Although Dartmouth’s founding charter stated that it was created “for the education and instruction of Youth of the Indian Tribes in this Land...and also of English Youth and any others,” the college graduated only 20 Native students before 1970. In 1972, Dartmouth formally recommitted to its founding intent to recruit and educate Native American and Indigenous students, launching what is now its Department of Native American and Indigenous Studies.

A series of events were planned for 2022 to celebrate the 50th anniversary of this recommitment, including speakers, panel discussions, and exhibits. The Native American Visiting Committee (NAVC), a group of Dartmouth alumni established in the 1970s to advise the college president on Native issues, had been discussing how the college might honor the anniversary, and Sarah Harris, vice chair of the Mohegan Tribal Council and a Dartmouth alumna, proposed that it return the Occom papers to the Mohegan Cultural Preservation Center.

“The college has made a lot of progress in the years since that recommitment. However, there was this unfinished business with Samson Occom,” Harris told LJ. “Until we acknowledge the history of the school and Occom and really give life to that—to his story, his life, the college, and how we got to where we are—it’s difficult to say that there’s been real, meaningful change despite all of the progress that’s been made.”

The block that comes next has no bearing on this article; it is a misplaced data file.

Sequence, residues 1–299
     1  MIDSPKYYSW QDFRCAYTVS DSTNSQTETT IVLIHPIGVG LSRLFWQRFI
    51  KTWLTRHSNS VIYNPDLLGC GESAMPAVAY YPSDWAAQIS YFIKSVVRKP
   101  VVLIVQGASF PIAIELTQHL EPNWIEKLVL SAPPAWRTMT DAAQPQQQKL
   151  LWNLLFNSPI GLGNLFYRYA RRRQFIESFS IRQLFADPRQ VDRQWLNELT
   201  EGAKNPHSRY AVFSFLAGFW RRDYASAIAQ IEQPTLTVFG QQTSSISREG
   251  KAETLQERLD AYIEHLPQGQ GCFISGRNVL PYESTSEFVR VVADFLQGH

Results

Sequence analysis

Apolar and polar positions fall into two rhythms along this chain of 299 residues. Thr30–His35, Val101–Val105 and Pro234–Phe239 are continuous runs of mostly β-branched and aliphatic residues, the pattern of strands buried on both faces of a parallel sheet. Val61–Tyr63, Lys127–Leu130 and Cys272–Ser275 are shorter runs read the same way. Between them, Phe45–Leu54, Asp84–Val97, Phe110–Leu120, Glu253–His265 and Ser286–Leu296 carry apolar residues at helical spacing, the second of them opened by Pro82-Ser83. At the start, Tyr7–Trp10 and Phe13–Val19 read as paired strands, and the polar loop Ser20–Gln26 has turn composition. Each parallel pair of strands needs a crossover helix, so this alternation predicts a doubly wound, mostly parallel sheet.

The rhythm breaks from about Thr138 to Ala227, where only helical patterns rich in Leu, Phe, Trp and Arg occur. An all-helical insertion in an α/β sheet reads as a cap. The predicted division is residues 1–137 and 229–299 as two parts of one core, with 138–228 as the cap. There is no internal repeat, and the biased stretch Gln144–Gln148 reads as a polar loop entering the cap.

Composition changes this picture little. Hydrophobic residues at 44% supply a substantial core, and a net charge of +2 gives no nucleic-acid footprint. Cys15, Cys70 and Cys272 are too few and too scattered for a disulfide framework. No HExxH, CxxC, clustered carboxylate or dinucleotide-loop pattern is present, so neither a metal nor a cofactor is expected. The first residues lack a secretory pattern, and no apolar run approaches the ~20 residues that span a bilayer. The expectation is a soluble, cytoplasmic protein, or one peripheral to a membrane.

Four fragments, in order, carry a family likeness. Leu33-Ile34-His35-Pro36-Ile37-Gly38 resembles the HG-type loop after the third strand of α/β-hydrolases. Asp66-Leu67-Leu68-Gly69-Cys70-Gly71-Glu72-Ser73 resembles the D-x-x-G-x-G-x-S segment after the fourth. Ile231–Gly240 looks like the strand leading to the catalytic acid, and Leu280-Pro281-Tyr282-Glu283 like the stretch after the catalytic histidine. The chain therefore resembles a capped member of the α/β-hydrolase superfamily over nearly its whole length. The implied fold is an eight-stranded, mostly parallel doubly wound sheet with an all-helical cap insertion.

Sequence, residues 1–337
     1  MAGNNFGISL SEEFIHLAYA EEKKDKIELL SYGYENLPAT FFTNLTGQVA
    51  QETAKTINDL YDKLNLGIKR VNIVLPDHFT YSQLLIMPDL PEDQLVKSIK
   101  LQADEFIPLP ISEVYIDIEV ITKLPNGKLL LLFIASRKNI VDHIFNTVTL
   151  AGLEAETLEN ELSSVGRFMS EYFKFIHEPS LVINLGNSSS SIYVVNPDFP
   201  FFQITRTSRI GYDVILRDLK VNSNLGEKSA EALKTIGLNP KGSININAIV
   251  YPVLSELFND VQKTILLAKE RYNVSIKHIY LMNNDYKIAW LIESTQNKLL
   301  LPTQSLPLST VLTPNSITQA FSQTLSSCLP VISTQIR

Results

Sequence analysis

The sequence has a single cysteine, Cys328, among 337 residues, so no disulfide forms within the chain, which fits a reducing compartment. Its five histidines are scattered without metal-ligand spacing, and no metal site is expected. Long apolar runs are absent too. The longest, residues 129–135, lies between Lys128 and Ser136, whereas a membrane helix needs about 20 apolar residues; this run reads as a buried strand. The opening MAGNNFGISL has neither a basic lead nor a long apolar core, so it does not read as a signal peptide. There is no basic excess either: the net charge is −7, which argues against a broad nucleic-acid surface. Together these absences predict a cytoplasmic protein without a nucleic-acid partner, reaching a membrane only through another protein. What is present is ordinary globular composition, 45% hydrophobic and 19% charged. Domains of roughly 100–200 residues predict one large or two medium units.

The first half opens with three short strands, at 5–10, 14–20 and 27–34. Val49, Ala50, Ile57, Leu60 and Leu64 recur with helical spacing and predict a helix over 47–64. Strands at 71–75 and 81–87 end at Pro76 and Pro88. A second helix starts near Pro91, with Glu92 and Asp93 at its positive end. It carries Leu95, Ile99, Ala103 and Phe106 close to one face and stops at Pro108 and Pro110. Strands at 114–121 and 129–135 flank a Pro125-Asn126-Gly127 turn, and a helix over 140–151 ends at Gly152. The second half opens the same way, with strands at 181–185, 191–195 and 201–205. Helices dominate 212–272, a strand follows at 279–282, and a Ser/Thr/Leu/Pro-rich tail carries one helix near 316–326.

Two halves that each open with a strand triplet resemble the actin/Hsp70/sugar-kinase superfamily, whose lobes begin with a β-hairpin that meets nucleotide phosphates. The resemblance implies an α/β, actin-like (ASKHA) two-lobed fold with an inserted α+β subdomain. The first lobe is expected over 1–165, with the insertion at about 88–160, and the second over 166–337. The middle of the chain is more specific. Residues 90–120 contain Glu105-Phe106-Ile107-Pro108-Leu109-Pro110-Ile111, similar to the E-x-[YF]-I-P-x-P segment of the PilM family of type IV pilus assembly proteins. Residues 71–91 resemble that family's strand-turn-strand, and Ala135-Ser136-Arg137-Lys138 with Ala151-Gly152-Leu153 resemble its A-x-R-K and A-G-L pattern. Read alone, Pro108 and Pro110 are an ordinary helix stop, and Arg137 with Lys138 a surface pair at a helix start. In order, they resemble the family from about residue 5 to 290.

NAVC agreed, and posed the suggestion to Hanlon, who in turn brought it to various other college stakeholders and the board of trustees.

At the same time, an advisory board of Indigenous leaders with experience in curation and collections, convened through an Andrew W. Mellon Foundation grant to Dartmouth’s library and Hood Museum of Art, was working on a joint project with the school’s Native American and Indigenous Arctic collections. One area of inquiry involved developing better protocols for Indigenous cultural objects in libraries and museums.

“It was in that context that we began to look at iconography on campus, looking at things that we have in our collections that maybe ought to be returned,” said N. Bruce Duthu, Samson Occom Professor of Native American Studies, a Dartmouth alumnus, and member of the United Houma Nation of Louisiana. It was a good opportunity to focus on “other areas where the college could reposition itself and reckon with issues of accountability and responsibility.”